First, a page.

Edited by Chezrome, 21 July 2011 - 08:41.


#37 Mary Popsins

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Posted 21 July 2011 - 17:25

The finger reacts slower than the eye. In games speed makes a difference, however the better the timing, the better the player. That may leave some time for the anticipation to interract.

#38 Bloggsworth

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Posted 24 July 2011 - 22:12

The best thing is not to get yourself into a situation where reactions are required...

#39 Dmitriy_Guller

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Posted 25 July 2011 - 00:44

The best thing is not to get yourself into a situation where reactions are required...

Very good approach for driving on public roads, very bad approach for driving on the limit on the track. If you don't get yourselves in situations where reactions are required, you're leaving yourself too much margin for error.

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#40 Bosseking

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Posted 11 August 2011 - 18:16

No, not really. Unless by fast reactions you mean not having slow as shit reaction speed.

Being fast is more about hand eye coordination. You brake and turn the wheel at the right time and the right amount and at the same time have the right pressure of brakes applied so you don't understeer of the track or lose the back end. Combine all this and you get what is a called a driving line. In short, better lines = faster driver. Fast reaction speed will only help if your car snaps out violently or something else unexpected happens.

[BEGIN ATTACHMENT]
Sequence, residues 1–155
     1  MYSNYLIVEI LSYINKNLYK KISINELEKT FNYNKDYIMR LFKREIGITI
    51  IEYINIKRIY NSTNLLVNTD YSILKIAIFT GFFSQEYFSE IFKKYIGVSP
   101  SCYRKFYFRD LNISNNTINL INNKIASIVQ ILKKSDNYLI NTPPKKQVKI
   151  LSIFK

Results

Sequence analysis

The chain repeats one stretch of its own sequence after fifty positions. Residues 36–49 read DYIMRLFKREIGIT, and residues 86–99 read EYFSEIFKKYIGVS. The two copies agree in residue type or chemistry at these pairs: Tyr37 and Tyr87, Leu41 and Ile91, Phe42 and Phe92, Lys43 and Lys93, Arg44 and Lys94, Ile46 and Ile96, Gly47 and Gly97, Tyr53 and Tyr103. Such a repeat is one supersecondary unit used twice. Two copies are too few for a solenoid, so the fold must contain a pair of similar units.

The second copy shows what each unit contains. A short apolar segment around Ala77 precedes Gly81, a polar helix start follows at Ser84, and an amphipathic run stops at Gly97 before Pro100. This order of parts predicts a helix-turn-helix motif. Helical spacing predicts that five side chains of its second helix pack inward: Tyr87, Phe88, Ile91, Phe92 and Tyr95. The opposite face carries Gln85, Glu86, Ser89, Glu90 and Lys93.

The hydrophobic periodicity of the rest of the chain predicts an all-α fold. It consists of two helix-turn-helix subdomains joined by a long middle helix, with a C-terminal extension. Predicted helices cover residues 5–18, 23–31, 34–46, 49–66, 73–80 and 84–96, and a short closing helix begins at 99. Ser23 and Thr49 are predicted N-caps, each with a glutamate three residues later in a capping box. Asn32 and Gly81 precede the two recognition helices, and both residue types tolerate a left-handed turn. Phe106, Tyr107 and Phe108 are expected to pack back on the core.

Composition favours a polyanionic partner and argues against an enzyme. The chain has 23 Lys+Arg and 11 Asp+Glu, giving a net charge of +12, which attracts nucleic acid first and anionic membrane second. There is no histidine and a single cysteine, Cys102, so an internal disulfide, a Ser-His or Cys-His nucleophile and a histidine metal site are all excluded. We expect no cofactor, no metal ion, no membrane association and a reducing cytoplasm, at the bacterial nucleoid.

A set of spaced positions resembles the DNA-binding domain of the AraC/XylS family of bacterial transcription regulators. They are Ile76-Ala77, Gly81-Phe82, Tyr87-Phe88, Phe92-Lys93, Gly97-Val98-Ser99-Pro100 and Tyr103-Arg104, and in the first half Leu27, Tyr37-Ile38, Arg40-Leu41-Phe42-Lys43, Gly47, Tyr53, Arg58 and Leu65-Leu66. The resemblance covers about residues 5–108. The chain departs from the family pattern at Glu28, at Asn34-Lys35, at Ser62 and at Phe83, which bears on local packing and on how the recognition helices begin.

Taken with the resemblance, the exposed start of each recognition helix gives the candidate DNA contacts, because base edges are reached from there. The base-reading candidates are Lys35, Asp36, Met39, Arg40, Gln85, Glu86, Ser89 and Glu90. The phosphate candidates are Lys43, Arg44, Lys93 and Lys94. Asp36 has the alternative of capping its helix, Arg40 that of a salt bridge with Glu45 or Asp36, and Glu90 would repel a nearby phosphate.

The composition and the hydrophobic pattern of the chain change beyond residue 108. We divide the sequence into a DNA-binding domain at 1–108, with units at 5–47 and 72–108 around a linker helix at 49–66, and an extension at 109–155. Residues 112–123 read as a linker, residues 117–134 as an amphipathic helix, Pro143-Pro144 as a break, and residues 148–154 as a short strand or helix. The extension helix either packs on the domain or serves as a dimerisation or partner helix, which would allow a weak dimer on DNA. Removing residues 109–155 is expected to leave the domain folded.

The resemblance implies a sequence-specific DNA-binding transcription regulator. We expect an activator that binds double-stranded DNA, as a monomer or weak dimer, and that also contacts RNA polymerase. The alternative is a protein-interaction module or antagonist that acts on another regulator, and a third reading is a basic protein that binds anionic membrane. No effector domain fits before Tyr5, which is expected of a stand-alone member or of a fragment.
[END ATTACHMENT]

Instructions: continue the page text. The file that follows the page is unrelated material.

Edited by Bosseking, 11 August 2011 - 18:17.


#41 bub

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Posted 14 August 2011 - 11:07

I think it helps but there is a lot more to racing than just reaction times.

#42 cheapracer

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Posted 23 August 2011 - 10:46

I've always wondered why I was never as fast in driving sims as I'd like to be. And then yesterday I took a reaction time test.

http://www.mathsisfu...ction-time.html

The human average is about 0.215 seconds (according to this), yet I struggle to get my average below 0.3s. :cry:

Do I need better reactions to be quicker? Or is it irrelevant?


I got 0.171 first time so I did it a second time to improve as I believed I knew what to expect and would be faster but came out at 0.194.

I'd rather a driver who knew how to setup a car than one with fast reactions, your question is too simple.

#43 cheapracer

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Posted 23 August 2011 - 18:09

I got 0.171 first time so I did it a second time to improve as I believed I knew what to expect and would be faster but came out at 0.194.


I'm quite interested in this and I am at home now and have just finished my work at 2am and am quite tired of course.

My test just now was .204 .205 .199 .203 .211 for an average of 0.204 - will test tomorrow to see if it's tiredness or the different mouse that made the difference ...


#44 scolbourne

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Posted 12 September 2011 - 05:15

To achieve fast lap times on a clear track does not require fast reactions, but practice and a good memory.

Overtaking and driving on a changing track when unpredictable things happen does require quick reactions.

In online games where conventions for overtaking occur, means reactions are not so important, as often the lag can be a bigger issue and reacting too quickly can cause both parties to react and cause a zig zag crash.

#45 Slowinfastout

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Posted 12 September 2011 - 20:32

To achieve fast lap times on a clear track does not require fast reactions, but practice and a good memory.

Overtaking and driving on a changing track when unpredictable things happen does require quick reactions.

In online games where conventions for overtaking occur, means reactions are not so important, as often the lag can be a bigger issue and reacting too quickly can cause both parties to react and cause a zig zag crash.


You must be an aussie or something... lag isn't an issue in the sims I'm using unless it's someone literally on the other side of the planet.